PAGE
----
As with all review-caps, MAJOR SPOILERS AHEAD! You’ve been warned.







When I first saw the trailer for Slender Man, a couple of thoughts went through my mind. First – that as usual, Hollywood was way too late in getting the movie out. From what I understand, the whole Slender Man meme creepypasta thing peaked several years back (and that basic knowledge is mostly coming from my teenage daughter, who was also into it for a while). The second and most important thought I had was that going ahead with the movie was a horrible idea anyway, considering that a very real 12-year old girl in Waukesha, Wisconsin had been stabbed nearly to death by two classmates who thought Slender Man was real, and either wanted to impress him or feared that their own (and their families’) lives were in danger from him.

One of the original Slender Man memes (via

But since when has something like tact ever stopped Hollywood from capitalizing on a potential moneymaking franchise? Never. So here we are, in 2018, with the Slender Man movie in theaters. I knew going in that the creatives involved wouldn’t focus on the real-life incident – not only would it be stepping way over the line as far as bad taste, but it would also just be too messy for them legally. One would think though, that perhaps they would take the opportunity to create a truly epic backstory for the character of Slender Man. Strictly from a storytelling standpoint, the idea is hardly an original one – the giant, faceless bogeyman that lurks in the dark forests and abandoned places of the world luring children to their deaths has been around for centuries.

So why not start there? Why not tell us a grand, ancient tale of where this creature came from? Why limit Slender Man’s scope to a modern-day, internet-based origin and world? And I can just hear the answer in the studio phone calls/meetings now – “…because that way we can do it quick and cheap and we won’t need A-listers. Anything we do manage to make will be pure profit. We’ll have another franchise we can milk for a decade!”  Yeah, well, sometimes it works that way. I’m sure all those responsible were having cash-filled dreams of a new Blair Witch Project, Paranormal Activity or Insidious-type success.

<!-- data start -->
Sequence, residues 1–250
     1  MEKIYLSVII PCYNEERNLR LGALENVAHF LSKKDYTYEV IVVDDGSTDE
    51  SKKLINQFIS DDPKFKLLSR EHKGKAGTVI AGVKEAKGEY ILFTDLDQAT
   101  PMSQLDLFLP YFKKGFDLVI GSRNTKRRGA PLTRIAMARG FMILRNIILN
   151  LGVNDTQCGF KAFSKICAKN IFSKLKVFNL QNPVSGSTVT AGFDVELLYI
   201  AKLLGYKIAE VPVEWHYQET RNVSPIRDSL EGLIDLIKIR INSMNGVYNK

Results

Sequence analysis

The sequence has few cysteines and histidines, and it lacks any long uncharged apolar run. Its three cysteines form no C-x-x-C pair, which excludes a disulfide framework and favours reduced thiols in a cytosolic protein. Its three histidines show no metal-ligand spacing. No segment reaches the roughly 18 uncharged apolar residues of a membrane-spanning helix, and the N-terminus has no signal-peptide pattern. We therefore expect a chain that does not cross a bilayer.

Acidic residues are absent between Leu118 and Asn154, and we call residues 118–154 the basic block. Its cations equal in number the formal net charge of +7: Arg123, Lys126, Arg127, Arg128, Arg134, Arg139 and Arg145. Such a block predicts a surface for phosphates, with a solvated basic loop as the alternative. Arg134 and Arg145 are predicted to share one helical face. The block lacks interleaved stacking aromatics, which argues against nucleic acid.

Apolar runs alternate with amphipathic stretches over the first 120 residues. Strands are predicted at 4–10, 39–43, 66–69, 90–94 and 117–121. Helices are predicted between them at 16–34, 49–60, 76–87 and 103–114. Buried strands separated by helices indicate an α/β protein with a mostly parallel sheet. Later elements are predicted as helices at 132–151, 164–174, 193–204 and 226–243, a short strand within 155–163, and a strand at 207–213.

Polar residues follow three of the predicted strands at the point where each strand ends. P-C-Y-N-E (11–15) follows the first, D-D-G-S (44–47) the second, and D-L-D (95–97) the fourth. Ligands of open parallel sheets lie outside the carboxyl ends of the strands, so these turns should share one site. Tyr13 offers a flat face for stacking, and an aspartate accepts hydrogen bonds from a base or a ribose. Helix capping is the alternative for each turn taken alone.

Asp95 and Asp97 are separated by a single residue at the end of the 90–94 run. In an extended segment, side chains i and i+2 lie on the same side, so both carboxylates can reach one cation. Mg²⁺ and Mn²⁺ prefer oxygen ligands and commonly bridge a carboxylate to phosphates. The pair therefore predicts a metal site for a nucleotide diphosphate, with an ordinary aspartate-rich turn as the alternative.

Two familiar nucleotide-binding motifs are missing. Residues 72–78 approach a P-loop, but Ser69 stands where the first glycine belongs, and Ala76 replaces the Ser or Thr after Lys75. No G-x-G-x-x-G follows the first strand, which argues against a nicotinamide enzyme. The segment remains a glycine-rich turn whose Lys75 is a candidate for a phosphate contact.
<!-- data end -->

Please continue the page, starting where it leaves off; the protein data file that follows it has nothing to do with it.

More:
But this time around, it didn’t work. Not at all. In fact, instead of coming up with an epic story, they went completely the other way and apparently decided that no story at all would be the best option. The entire movie is nothing but a bucket of horror tropes all tossed together like a bad salad. They don’t even make the effort to explain where Slender Man came from. The lead characters (and props to all the actors for giving it their best) sit around at a girl’s night kickback, and after laughing at some porn decide to watch a scary internet video (à la THE RING) of various one-frame, seizure-inducing flashes of miscellaneous images that (unlike The Ring) have nothing to do with anything.

Jaz Sinclair, Joey King, Julia Goldani-Telles in SLENDER MAN (via

And what happens after that? I’m still not entirely sure, because the movie is so vague about everything that we never find anything out for sure. Who is Slender Man? No idea. Some super-tall, faceless dude in a suit with spider arms who hangs out in the woods. How does he lure the kids to him? Besides his amazing ability to make his own videos and phone calls? No idea. They don’t tell you. What happens to the kids after they’re attacked? Well, it depends – Katie (Annalise Basso) just up and vanishes after looking into the woods, never to be seen again. Wren (Joey King) gets sucked out a window and is also never seen again. Chloe (Jaz Sinclair) gets nearly-strangled by either Slender Man – or herself, not sure which – and goes into some kind of catatonia. Hallie (Julia Goldani-Telles) is the only one whose fate we see, as she sacrifices herself to Slender Man to save her little sister Lizzie (Taylor Richardson), who toward the end starts suffering these non-specific “panic attacks” that put her in the hospital. After Hallie’s “death,” she’s fine. I think. Maybe. Not really sure about that, either.

So what’s the point of it all? You got me. Other than trying to make a quick buck, I couldn’t tell you what anybody responsible for this mess was going for. To call it derivative even seems too polite. Slender Man is a lot more like what you get when you decide (for some strange reason) to eat leftovers that you’ve already reheated three or four times. And I hope that the box office returns (or lack thereof in this case) give Sony exactly what they deserve for this one – a huge bomb.

SLENDER MAN is in theaters now.

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Lorinda Donovan
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